the patients since these have an impact on their quality of
life. Among these subjective parameters, fatigue is the
most prevalent symptom in SLE, since it is present in up to
90% of the patients (1). Moreover, ⬃50% of the patients
consider fatigue the most disabling disease symptom (2).
Despite its high prevalence and its impact on quality of
life, fatigue has not been well studied in patients with SLE.
An important problem with fatigue is its definition and
therefore its measurement. In the literature there are numerous ambiguous and inconsistent definitions for fatigue,
which vary between research studies, including those evaluating fatigue in a single condition such as cancer-related
fatigue (3). This is a major problem since some instruments
only measure physical fatigue through limitation on daily
living activities. Others also consider mental fatigue and its
associated distress. Thus, level of fatigue and its impact on
quality of life depends on the instrument used to measure it
and the conceptualization of fatigue.
In SLE, the origin of fatigue is often multifactorial and
could be mediated through comorbid conditions (depression, sleep disorder, fibromyalgia [FM]), behavioral factors
(physical activity), and disease-related factors (disease activity, treatment). Among comorbid conditions, depression has
been consistently demonstrated to be associated with fatigue
in patients with SLE (2,4 – 6). The coexistence of FM has been
proposed as a contributor to persistent fatigue in patients
with SLE, or at least as an influence to the perception of
fatigue (7). Other studies have demonstrated that the association between fatigue and FM is related to the number of
tender points, with higher fatigue scores seen in patients who
satisfy the American College of Rheumatology criteria for FM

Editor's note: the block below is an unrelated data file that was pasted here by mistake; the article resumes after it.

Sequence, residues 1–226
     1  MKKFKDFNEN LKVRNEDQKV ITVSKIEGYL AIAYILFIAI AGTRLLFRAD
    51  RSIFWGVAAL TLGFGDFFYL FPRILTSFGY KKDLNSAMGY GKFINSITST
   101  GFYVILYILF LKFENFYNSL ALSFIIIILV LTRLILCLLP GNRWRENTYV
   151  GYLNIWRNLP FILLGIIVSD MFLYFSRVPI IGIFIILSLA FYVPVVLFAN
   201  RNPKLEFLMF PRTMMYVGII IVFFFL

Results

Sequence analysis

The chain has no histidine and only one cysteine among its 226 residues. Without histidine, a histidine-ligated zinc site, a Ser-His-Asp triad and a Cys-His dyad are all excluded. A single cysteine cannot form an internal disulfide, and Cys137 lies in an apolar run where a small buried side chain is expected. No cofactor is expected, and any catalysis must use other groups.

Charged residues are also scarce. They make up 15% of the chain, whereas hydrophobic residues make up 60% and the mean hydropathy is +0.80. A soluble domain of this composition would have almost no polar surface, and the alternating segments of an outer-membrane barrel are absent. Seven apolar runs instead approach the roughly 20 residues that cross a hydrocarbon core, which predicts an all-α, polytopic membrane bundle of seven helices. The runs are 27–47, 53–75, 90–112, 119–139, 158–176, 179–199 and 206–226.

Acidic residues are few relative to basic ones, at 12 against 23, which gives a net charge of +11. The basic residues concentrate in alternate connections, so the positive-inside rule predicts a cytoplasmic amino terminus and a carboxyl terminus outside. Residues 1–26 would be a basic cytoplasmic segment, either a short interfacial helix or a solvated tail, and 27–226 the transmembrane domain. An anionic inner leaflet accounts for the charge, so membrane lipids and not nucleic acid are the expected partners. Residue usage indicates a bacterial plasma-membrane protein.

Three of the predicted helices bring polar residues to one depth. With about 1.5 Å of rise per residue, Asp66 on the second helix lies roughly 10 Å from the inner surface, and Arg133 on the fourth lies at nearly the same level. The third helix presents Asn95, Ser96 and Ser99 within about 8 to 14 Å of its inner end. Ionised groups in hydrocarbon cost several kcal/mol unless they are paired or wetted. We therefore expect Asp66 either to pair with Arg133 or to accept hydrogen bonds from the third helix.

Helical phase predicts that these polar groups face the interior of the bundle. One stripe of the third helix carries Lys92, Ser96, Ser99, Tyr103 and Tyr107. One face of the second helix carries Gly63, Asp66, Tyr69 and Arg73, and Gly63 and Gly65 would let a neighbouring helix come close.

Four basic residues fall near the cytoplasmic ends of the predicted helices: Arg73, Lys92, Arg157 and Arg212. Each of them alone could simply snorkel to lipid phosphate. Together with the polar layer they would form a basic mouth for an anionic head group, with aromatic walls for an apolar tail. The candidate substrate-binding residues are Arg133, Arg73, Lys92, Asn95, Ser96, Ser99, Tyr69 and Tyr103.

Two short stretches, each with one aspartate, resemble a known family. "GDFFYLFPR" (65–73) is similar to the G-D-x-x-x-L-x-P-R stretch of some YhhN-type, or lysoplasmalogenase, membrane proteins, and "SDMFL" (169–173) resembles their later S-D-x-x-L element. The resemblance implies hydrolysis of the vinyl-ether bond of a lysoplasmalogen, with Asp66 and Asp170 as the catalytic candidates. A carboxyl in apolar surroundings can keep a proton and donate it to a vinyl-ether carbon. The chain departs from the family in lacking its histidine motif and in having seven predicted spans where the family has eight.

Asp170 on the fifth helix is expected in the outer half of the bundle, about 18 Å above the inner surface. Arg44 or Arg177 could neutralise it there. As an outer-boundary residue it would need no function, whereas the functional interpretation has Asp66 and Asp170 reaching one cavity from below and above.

(8) than in those who do not (4,9 –11).
Behavioral factors such as poor exercise participation
have been associated with fatigue, and interventions in
this area have demonstrated a positive impact on fatigue
(12,13). Finally, disease activity has been one of the most
widely studied contributors of fatigue in SLE. However,
the results are conflicting; some studies showed a significant correlation between disease activity and fatigue
(4,6,14,15) while others showed either no or weak associations (1,5,16).
There are several validated instruments to measure fatigue and many have been used in SLE patients (2,3,17–
27). To date, there has been no consensus on which instrument should be used in the assessment of fatigue in SLE,
and how to favorably affect it. Our working group and
expert panel convened an Ad Hoc Committee on SLE
Response Criteria for major organ involvement and key
manifestations, to make recommendations for clinical trials in patients with SLE.
The aim of this ad hoc committee was to perform a
systematic review of the literature on fatigue instruments
Address correspondence to J. Antonio Aviña-Zubieta,
MD, MSc, Arthritis Research Centre of Canada, 895 West
10th Avenue, Vancouver, British Columbia, V5Z 1L7, Canada. E-mail: azubieta@arthritisresearch.ca.
Submitted for publication December 21, 2006; accepted in
revised form June 7, 2007.
1349
used in SLE. Based on quality criteria, including construct
validity, reliability, and responsiveness, the panel recommended instruments or a combination of instruments for
use in future studies of patients with SLE, and also made
recommendations on whether to develop new instruments. A consensus on which instrument or instruments
should be used to measure fatigue in SLE would allow
improved efficiency in future research by allowing comparisons across studies. The panel also identified important covariates that are strong correlates of fatigue in patients with SLE, and made recommendations on what
factors should be measured and reported.
MATERIALS AND METHODS
Search strategy. We conducted a systematic review of
all English language publications using the Medline and
EMBase electronic databases from their inception (1966
and 1980, respectively) to July 2006. We included all intervention studies and observational studies in which a
self-reported measurement of fatigue was applied to patients with SLE. In addition, clinical experts were contacted and bibliographies of existing publications were
reviewed. MeSH terms (medical subject headings) included fatigue (fatigue/or fatigue syndrome, chronic/or
mental fatigue/or muscle fatigue) and lupus (lupus/or lupus erythematosus, systemic/or lupus erythematosus, discoid/or lupus nephritis). Data abstraction was conducted
by 4 investigators (JAA-Z, CP, HAB-F, and JP).
Analysis and consensus on scale validation. The consensus process involved 3 steps. First, the data were extracted and summarized by 2 investigators (CP and HABF). Second, the working group and expert panel committee
met at Heinrich-Heine-University, Düsseldorf, Germany
from May 9 –12, 2002. The working group discussed the